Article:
MY NASA DATA Lesson:

Earth's Energy Budget – Seasonal Cycles in Net Radiative Flux

Net Radiation image
Purpose:
To use CERES radiation data to understand seasonal variations in the
pattern of net energy input to the Earth system.
Grade Level: 6,9 – 12
Estimated Time for Completing Activity: One 50-minute class period
Learning Outcomes:
  • Understanding how Earth’s tilt causes seasonal differences in incoming solar energy
  • Using the Live Access Server to investigate the Earth’s radiation budget
  • Locating map locations using latitude and longitude coordinates
  • Understanding how features of the Earth system, such as clouds and deserts, modulate the reflection of energy from the Sun
Prerequisite
  • Familiarity with accessing websites on the Internet
  • Familiarity with locating given geographical locations using latitude and longitude and a world map
  • Prior lesson about seasons and Earth’s tilt
National Standards:
  • Geography: Places and Regions
  • Geography: The World in Spatial Terms
  • Math: Algebra
  • Math: Connections
  • Math: Geometry
  • Math: Number and Operations
  • Science Content: A Science as Inquiry
  • Science Content: D Earth and Space Science
  • Science Content: E Science and Technology
AP Environmental Science Topics
Virginia Standards of Learning:
  • ES.2a: The student will demonstrate scientific reasoning and logic by analyzing how science explains and predicts the interactions and dynamics of complex Earth systems.
  • ES.3: The student will investigate and understand how to read and interpret maps, globes, models, charts, and imagery.
  • ES.4b: The student will investigate and understand the characteristics of the Earth and the solar system. Key concepts include sun-Earth-moon relationships (seasons, tides, and eclipses).
  • ES.13: The student will investigate and understand that energy transfer between the sun and the Earth and its atmosphere drives weather and climate on Earth.
  • Sci6.3: The student will investigate and understand the role of solar energy in driving most natural processes within the atmosphere, the hydrosphere, and on the Earth’s surface.
Vocabulary:
Lesson Links:
Background:

The net amount of energy received by different parts of the Earth at different times of year determines the type of weather and climate they will experience. The net radiative flux shows the combined effect of the Sun’s location and the conditions in the Earth system. The two primary components of the Earth system that affect the net radiative flux are: 1) the type of surface and 2) clouds. This lesson will allow students to explore these variations.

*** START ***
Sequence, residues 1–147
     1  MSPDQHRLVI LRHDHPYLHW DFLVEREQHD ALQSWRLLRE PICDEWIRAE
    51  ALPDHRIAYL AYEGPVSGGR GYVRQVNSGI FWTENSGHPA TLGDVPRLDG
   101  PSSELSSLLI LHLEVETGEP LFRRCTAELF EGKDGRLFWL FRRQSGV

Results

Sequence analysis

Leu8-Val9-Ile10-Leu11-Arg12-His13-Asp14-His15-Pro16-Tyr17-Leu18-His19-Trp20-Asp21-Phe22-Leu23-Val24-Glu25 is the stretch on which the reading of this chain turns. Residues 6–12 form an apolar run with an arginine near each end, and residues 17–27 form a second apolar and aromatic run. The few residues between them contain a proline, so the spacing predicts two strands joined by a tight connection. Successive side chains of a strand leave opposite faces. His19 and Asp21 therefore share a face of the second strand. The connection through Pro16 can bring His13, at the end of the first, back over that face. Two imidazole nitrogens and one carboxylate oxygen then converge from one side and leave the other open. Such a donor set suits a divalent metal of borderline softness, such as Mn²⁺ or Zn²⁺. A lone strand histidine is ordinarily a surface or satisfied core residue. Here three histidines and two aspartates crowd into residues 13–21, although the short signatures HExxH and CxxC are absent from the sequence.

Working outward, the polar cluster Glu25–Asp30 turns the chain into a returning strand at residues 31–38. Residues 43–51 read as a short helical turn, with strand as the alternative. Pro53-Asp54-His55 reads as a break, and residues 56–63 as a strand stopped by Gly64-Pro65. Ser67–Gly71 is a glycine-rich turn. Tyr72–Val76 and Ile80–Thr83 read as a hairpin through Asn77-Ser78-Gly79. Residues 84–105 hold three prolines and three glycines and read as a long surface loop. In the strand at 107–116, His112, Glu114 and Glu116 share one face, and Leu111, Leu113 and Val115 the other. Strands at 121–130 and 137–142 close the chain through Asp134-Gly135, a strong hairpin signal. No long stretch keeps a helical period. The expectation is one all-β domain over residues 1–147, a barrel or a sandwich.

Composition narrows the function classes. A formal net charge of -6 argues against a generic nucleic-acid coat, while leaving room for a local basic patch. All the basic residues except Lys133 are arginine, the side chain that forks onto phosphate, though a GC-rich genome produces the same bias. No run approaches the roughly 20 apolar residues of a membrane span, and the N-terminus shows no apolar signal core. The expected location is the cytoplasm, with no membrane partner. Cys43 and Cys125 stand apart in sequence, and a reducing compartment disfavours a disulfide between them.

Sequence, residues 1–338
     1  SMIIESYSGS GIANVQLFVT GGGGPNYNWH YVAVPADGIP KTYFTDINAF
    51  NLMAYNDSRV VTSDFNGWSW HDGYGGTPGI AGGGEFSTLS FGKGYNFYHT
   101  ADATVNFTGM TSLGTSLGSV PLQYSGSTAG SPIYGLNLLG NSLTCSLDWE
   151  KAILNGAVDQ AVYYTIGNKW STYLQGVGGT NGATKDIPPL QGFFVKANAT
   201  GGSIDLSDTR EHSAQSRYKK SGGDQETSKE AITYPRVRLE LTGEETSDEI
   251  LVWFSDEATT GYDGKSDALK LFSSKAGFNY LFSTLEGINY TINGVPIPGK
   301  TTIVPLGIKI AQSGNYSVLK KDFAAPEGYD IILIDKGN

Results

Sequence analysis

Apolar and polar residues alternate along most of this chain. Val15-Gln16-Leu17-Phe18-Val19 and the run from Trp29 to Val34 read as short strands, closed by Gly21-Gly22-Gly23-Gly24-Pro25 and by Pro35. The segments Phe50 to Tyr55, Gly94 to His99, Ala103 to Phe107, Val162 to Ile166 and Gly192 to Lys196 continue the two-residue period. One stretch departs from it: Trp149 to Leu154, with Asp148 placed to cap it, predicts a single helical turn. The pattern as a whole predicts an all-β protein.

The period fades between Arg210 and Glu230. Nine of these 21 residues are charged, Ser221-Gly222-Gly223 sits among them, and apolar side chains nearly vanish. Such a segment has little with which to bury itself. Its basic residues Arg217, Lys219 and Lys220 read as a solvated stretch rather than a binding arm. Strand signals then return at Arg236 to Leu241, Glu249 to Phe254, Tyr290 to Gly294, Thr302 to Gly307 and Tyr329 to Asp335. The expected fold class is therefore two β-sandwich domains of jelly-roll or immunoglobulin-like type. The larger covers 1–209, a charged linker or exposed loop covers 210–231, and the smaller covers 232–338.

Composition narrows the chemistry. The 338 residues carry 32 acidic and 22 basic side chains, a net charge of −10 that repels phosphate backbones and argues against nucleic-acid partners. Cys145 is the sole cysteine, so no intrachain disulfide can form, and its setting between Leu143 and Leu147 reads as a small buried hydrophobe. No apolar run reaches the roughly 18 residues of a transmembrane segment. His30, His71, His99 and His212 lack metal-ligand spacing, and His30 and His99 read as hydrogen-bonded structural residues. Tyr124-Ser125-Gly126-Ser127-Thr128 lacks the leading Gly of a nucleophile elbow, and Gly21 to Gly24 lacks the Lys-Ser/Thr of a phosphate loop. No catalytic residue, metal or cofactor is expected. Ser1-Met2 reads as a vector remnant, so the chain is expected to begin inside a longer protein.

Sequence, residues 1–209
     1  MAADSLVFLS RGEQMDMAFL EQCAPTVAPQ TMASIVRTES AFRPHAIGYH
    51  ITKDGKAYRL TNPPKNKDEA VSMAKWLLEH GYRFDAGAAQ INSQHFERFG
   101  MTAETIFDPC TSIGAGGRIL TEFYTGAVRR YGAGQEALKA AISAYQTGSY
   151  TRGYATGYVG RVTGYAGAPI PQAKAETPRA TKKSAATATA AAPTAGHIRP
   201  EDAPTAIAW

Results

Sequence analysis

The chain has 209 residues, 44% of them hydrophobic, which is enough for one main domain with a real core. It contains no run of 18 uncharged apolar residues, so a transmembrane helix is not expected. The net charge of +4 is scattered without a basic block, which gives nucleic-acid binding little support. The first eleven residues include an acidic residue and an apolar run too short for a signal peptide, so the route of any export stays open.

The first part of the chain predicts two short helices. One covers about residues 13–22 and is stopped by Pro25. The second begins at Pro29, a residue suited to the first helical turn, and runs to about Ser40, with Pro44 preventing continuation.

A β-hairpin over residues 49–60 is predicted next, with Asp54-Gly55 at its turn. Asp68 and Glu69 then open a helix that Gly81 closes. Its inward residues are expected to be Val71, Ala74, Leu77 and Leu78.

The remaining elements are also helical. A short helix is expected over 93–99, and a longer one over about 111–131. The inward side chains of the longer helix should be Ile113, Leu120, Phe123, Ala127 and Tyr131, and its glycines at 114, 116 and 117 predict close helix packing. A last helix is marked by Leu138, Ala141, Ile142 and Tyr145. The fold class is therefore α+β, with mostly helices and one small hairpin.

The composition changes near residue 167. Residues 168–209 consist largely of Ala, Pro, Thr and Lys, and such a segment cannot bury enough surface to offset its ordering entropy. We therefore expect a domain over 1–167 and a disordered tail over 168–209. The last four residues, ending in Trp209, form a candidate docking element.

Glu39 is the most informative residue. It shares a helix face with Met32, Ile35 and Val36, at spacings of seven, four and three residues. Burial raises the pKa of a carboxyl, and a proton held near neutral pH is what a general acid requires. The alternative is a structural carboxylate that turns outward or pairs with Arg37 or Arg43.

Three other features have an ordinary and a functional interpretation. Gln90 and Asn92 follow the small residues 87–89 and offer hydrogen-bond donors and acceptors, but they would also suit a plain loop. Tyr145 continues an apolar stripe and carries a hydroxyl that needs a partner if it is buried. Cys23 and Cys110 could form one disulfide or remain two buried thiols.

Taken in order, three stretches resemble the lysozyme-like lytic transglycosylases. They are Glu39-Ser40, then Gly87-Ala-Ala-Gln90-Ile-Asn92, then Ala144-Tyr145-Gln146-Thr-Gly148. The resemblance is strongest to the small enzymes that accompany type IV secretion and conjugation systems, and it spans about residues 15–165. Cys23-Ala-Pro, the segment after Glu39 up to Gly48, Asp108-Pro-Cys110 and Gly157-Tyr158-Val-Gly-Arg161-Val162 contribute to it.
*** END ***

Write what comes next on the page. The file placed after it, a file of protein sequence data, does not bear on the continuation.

Procedure:

Open the image of Monthly Top-of-Atmosphere All-sky Net Flux for December 2003.(see Links section) Discuss whether the patterns you observe are consistent with your prior knowledge about seasons and Earth’s tilt. Based on this, write down a prediction of how the pattern would be different in March.

Open the image of Monthly Top-of-Atmosphere All-sky Net Flux for March 2004. (see Links section) Does the pattern in this image fit your prediction? If not, revisit your earlier discussions and write down a prediction for the pattern in June.

Open the image of Monthly Top-of-Atmosphere All-sky Net Flux for June 2004. (see Links section) Does this pattern agree with your prediction?

Open the animation of Earth’s net radiative flux (see Links section) as observed by the CERES instrument during March 2000 through Feb 2001. The file is a Windows Media clip. Observe the seasonal shifts in the net energy received by the Earth. Does the annual cycle agree with your previous understanding and predictions?

Questions:

1. Looking back at the images for December, March and June, write down two locations where you think the surface has a noticeable impact on the pattern of net radiative flux, and two locations where you think clouds have a noticeable impact.

2. Open the images for Clear-sky Net Flux (Note – these images are created by taking only the satellite observations during the month when an area is cloud-free. White areas denote areas of persistent cloud cover where no clear-sky information could be obtained.). Compare these images to the All-sky images and, for the four locations you selected in question 1, discuss whether your prediction was correct. Support your arguments by comparing the patterns in the All-sky versus Clear-sky image.

Extensions:

Ask the students why they think net radiation would be negative over the Saharan Desert. Discuss the possible effects of clouds in the tropics.

Note that the units of net radiation are Watts per square meter. This can be compared to light bulbs. A net radiation of 60 Watts per square meter means the amount of energy actually being received by the Earth is equivalent to having a 60 W light bulb over each square meter of the Earth. Have your students calculate the area of your classroom or their room at home, then figure out how many lightbulbs would be equivalent to the net solar radiation for each season. You may want to use the LAS to get the value of the net radiation at your latitude and longitude location.

Lesson plan contributed by the MY NASA DATA team

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